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Nobel prize in physics awarded to three Americans for discovery of gravitational waves

Posted: October 3, 2017 at 4:38 pm   /   by   /   comments (0)

£825,000 prize awarded to Rainer Weiss, Barry Barish and Kip Thorne for their work on Ligo experiment which was able to detect ripples in the fabric of spacetime


Three American physicists have won the Nobel prize in physics for the discovery of gravitational waves, ripples in the fabric of spacetime that were first anticipated by Albert Einstein a century ago.

Rainer Weiss has been awarded one half of the 9m Swedish kronor (£825,000) prize, announced by the Royal Swedish Academy of Sciences in Stockholm today. Kip Thorne and Barry Barish will share the other half of the prize.

All three scientists have played a leading role in the Laser Interferometer Gravitational-Wave Observatory, or Ligo, experiment, which made the first historic observation of gravitational waves in September 2015.

Weiss, emeritus professor of physics at Massachusetts Institute of Technology, is an experimentalist and made a major contribution to the concept, design, funding and eventual construction of Ligo.

Kip Thorne, the Feynman professor of theoretical physics at California Institute of Technology, is a theorist and made crucial predictions of what the detection of a gravitational wave would actually look like and how to identify that signal within the data.

Barry Barish, a former particle physicist at California Institute of Technology (now emeritus professor) is widely credited for getting the experiment off the ground. When he took over as the second director of Ligo in 1994, the project was at risk of being cancelled. Barish turned things around and saw it through to construction in 1999, and its first measurements three years later.

In the end, detection required a peerless collaboration between experimentalists, who build one of the most sensitive detectors on Earth, and theorists, who figured out what a signal from two black holes colliding would actually look like.

Ronald Drever, a Scottish physicist, who alongside Weiss and Thorne played a leading role in developing Ligo, died in March from dementia less than 18 months after gravitational waves were first detected. The Nobel prize is not normally awarded posthumously.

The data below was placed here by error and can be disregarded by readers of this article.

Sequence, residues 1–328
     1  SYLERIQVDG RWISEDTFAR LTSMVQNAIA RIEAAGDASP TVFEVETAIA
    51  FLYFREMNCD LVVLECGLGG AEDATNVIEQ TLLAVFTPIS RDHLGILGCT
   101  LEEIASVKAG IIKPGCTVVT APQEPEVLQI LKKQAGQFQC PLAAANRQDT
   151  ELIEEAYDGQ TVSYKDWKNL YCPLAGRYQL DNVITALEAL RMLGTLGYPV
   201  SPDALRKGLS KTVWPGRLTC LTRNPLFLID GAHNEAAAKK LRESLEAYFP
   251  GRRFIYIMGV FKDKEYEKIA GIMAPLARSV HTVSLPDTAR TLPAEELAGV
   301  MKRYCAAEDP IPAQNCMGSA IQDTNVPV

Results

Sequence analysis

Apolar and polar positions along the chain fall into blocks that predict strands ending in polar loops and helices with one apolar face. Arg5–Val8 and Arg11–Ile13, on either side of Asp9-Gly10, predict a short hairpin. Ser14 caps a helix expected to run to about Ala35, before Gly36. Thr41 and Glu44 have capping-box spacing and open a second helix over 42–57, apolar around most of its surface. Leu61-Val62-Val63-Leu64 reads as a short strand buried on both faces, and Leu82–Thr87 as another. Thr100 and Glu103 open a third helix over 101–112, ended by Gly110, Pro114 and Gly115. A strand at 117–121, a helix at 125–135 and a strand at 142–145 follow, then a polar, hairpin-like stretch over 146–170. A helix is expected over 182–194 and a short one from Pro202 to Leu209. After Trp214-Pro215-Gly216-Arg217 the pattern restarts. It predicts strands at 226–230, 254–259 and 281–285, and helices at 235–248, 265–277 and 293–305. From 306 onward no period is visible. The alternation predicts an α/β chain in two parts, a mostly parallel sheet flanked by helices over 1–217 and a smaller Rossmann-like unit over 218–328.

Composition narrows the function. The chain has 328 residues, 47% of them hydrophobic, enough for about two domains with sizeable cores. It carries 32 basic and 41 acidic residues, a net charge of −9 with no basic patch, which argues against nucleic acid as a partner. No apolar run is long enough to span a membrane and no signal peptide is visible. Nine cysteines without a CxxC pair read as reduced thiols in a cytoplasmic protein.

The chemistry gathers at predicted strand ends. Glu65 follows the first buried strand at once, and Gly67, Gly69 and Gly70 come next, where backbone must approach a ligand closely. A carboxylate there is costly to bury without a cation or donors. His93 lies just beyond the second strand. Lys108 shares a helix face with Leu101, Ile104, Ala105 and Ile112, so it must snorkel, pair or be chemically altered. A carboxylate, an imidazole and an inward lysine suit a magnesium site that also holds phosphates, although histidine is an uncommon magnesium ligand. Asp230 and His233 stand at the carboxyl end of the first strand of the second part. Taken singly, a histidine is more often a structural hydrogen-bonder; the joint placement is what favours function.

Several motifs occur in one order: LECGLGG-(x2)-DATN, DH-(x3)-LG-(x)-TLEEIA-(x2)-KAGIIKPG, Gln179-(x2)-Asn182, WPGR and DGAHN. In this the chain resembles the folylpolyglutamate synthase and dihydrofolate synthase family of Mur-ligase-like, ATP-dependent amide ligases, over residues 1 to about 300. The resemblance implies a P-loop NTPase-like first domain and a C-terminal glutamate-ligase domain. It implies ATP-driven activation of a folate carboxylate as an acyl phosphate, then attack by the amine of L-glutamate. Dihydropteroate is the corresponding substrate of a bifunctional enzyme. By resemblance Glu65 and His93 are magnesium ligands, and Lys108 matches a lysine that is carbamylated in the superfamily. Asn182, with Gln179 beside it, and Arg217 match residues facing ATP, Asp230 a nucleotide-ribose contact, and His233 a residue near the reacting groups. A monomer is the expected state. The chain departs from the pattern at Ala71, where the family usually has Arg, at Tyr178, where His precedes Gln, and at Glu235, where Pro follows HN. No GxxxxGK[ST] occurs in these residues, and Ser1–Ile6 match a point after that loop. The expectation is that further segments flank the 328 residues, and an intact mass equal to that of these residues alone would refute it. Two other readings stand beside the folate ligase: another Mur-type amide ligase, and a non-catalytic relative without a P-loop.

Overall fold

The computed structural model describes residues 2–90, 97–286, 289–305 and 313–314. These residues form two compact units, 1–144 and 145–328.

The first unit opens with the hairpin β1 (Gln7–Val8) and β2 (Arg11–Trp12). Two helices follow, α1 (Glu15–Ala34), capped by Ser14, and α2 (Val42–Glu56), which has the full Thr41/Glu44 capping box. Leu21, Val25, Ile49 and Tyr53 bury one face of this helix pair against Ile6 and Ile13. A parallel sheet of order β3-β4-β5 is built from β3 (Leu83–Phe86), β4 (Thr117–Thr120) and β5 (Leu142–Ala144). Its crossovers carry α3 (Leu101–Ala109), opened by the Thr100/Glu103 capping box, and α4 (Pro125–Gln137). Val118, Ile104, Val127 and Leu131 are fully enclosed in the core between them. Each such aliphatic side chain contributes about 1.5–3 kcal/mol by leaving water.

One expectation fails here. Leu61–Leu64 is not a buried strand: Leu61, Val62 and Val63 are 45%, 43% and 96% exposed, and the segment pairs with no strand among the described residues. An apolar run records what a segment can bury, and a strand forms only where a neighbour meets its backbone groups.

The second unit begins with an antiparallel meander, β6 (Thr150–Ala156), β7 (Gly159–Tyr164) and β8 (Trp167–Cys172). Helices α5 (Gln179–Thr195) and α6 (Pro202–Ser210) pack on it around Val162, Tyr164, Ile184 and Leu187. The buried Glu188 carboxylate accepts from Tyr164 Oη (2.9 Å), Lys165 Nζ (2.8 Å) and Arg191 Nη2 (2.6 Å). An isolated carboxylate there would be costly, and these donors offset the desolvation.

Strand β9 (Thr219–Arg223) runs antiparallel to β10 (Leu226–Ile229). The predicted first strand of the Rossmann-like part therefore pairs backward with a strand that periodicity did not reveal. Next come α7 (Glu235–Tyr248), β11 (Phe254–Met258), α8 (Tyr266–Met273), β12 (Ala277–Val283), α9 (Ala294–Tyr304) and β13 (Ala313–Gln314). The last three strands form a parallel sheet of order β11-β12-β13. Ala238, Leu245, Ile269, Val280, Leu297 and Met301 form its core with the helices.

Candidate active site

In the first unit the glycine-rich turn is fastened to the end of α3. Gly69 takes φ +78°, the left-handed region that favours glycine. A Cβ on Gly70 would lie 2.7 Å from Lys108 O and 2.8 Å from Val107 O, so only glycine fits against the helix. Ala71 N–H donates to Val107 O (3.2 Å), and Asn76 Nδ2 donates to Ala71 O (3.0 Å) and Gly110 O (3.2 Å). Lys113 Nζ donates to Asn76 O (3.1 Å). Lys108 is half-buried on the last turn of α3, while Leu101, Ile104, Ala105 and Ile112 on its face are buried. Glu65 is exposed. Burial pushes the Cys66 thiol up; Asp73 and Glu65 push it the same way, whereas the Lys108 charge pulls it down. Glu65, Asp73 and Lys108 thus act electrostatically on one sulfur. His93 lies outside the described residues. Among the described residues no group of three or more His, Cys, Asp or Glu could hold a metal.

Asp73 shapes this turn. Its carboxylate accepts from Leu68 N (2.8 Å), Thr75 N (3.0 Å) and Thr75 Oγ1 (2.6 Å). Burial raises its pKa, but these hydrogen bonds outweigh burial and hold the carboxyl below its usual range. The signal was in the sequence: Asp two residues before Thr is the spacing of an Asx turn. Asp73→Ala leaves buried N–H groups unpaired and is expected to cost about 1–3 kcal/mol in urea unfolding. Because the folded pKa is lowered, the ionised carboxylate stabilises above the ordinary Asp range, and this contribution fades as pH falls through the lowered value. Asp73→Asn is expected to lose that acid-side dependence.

Speaking at a press conference after the announcement, Weiss described receiving the phone call this morning as “really wonderful”. “I view this more as a thing that recognises the work of about 1,000 people. I hate to tell you but it’s as long as 40 years of people thinking about this, trying to make a detection … and slowly but surely getting the technology together to do it.”

Weiss said he could not believe the team’s discovery at first. “It took us a long time – almost two months – to convince ourselves that we had seen something from the outside that was truly a gravitational wave.”

Ahead of the announcement, the trio had been hotly tipped as potential winners and the choice of a discovery that captured the public imagination will be hugely popular. The detection of gravitational waves, announced in early 2016, marked the climax of a century of speculation and 25 years of developing a set of instruments so exquisitely sensitive that they could spot a distortion of a thousandth of the diameter of on atomic nucleus across a 4km length of laser beam.

The phenomenon detected was the collision of two black holes. Using the world’s most sophisticated detector, the scientists listened for 20 thousandths of a second as the two giant black holes, one 35 times the mass of the sun, the other slightly smaller, circled around each other.

At the beginning of the signal, their calculations told them how stars perish: the two objects had begun by circling each other 30 times a second. By the end of the 20 millisecond snatch of data, the two had accelerated to 250 times a second before the final collision and a dark, violent merger.

Last year’s prize went to three British physicists for their work on exotic states of matter that may pave the way for quantum computers and other revolutionary technologies.

On Monday, three American scientists shared the 2017 Nobel prize in physiology or medicine for their painstaking work on circadian rhythms. The Nobel prize in chemistry will be announced on Wednesday.





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